Yulish after all is a native of New York City, where aestheticizing the ugly is something of a habit (see Snow, Dash). But after nearly a decade in the Big Orange, his character bears out a papery and generous sensitivity for those in and of his community, however tempered by an internal crisis of intent to rigorously produce aesthetic work.
But it is working. Yulish’s paintings and sketches—imaginative, unruly workings of color and moody charcoal—have scooped the attention of numerous collectors; here today for Chablis and a bit of Flaunt fanfare, yesterday a show in Sun Valley; last week debuting “Interior Stories” at Weho’s Gallery Brown, all while trying to keep his day to day as humorous as his work, and similarly as open to variation.
Here’s what Alexander Yulish has to say about the theme of “Interior Stories” and the bulky layers of our robo-pomo-bobo-agogo (that’s robotic postmodern bohemian/bourgeois a go-go) existence.
I have a lot of these interior stories that I have to get out—like it’s perhaps not my choice and it’s just something I’m supposed to do. And maybe it melts away, all the excess. And the work maybe makes clear what’s inside me and people hopefully respond and then see parts of themselves in it too.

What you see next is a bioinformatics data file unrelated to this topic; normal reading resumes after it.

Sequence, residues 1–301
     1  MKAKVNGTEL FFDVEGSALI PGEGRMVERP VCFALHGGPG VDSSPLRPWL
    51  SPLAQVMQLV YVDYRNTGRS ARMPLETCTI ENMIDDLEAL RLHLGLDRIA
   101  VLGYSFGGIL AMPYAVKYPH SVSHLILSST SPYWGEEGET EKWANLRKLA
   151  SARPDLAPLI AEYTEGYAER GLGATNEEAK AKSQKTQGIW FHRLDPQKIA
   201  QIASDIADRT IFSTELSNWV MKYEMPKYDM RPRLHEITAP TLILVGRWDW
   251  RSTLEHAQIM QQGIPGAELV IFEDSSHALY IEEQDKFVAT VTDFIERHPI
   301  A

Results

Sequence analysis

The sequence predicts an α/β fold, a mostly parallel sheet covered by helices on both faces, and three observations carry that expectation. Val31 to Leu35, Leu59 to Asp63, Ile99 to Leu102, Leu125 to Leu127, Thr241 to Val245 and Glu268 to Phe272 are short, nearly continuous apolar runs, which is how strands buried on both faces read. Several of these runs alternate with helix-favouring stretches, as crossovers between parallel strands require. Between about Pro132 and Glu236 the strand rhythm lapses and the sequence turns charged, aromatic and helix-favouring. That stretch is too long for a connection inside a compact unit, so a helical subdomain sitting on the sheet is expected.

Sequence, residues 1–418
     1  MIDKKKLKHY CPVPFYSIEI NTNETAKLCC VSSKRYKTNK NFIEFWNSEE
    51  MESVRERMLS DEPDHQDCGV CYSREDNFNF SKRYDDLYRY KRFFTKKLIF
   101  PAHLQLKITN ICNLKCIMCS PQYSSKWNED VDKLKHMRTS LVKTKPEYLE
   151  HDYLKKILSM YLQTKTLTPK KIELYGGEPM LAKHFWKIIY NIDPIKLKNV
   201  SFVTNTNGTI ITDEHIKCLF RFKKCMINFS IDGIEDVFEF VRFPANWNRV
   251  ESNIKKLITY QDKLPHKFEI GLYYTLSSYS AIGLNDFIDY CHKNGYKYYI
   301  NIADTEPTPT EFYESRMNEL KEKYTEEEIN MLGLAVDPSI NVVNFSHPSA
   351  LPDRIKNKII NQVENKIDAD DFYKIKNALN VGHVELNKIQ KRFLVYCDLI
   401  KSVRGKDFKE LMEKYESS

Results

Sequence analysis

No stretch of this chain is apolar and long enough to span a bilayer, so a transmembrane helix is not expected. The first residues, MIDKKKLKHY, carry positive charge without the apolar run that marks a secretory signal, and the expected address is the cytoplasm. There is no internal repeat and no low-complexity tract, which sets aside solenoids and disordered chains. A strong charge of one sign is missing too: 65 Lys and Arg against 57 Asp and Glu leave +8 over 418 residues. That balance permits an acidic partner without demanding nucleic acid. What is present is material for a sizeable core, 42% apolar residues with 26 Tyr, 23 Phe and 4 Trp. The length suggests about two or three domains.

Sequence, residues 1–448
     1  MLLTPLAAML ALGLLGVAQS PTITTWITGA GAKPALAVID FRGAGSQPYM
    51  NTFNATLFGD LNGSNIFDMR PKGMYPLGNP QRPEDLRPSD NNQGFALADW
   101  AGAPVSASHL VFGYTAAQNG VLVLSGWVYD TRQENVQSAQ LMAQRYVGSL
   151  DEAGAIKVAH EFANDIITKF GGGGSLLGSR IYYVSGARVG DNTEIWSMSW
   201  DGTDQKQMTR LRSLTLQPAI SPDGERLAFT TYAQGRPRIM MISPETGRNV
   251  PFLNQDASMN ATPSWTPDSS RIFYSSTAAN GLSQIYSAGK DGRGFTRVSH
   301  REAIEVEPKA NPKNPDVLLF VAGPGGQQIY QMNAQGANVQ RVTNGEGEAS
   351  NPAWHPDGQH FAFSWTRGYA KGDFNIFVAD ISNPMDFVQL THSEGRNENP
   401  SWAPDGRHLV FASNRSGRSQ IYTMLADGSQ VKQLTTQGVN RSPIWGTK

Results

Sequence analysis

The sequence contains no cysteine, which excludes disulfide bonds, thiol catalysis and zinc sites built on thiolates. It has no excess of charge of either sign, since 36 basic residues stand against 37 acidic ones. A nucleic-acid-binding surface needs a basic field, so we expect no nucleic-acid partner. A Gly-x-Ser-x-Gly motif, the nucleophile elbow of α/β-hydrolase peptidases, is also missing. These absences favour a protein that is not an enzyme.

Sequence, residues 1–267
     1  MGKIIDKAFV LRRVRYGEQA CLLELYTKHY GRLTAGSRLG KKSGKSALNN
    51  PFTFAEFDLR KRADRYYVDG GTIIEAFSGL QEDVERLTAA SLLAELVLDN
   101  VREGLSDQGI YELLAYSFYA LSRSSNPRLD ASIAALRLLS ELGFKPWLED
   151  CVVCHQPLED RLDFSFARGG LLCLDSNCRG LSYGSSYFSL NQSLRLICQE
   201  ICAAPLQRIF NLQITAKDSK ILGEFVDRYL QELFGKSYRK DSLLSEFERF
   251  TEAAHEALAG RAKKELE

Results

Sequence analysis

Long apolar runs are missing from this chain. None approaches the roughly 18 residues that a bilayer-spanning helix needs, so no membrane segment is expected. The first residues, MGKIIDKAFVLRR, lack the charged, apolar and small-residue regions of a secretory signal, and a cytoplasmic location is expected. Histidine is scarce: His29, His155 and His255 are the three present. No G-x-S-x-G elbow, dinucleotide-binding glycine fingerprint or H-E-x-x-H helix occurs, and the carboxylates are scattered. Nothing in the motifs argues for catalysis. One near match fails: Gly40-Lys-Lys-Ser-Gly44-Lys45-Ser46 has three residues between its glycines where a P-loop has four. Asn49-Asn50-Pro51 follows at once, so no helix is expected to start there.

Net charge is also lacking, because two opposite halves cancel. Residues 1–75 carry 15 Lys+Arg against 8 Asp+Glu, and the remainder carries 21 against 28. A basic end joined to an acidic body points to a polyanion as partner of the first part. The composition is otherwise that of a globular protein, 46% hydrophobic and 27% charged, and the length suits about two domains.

Here’s what Alexander Yulish has to say about the possibility of brains being splattered and that being, well, beautiful, and that that just means you’re keeping an eye out.
Everyone sources material, you know? I’m going to be looking at you and you’re going to be imprinted in my head. This experience is going to be there, if only subconsciously. I’ll remember the colors of your skin. When I go to a painting, whether it’s now or five years from now, it’s going to be registered. We’re literally sponges.
Here’s what Alexander Yulish has to say about the aforementioned layers and how they slough themselves out over his canvas.
I feel like I have no skin half the time. Occasionally, you have to brush up against things, and it hurts, but inevitably that is what I think art is. It’s almost like removing your skin and letting people see it. Heart to hand. I don’t know… all my favorite work has an edge—like if you touch it the wrong way you’re going to get cut, and other times you’re not.
Here’s what Alexander Yulish has to say about romance, which is enough for you, for him, for us, for everyone.
Romance to me is, I don’t know, just taking responsibility for what you’re doing. And I think it’s important for people to just kind of dictate that. I suppose painting’s always going to be romanticized. I always think it will be romanticized because it’s a very personal, very scary thing if you commit to it. Right now, I’m trying to commit.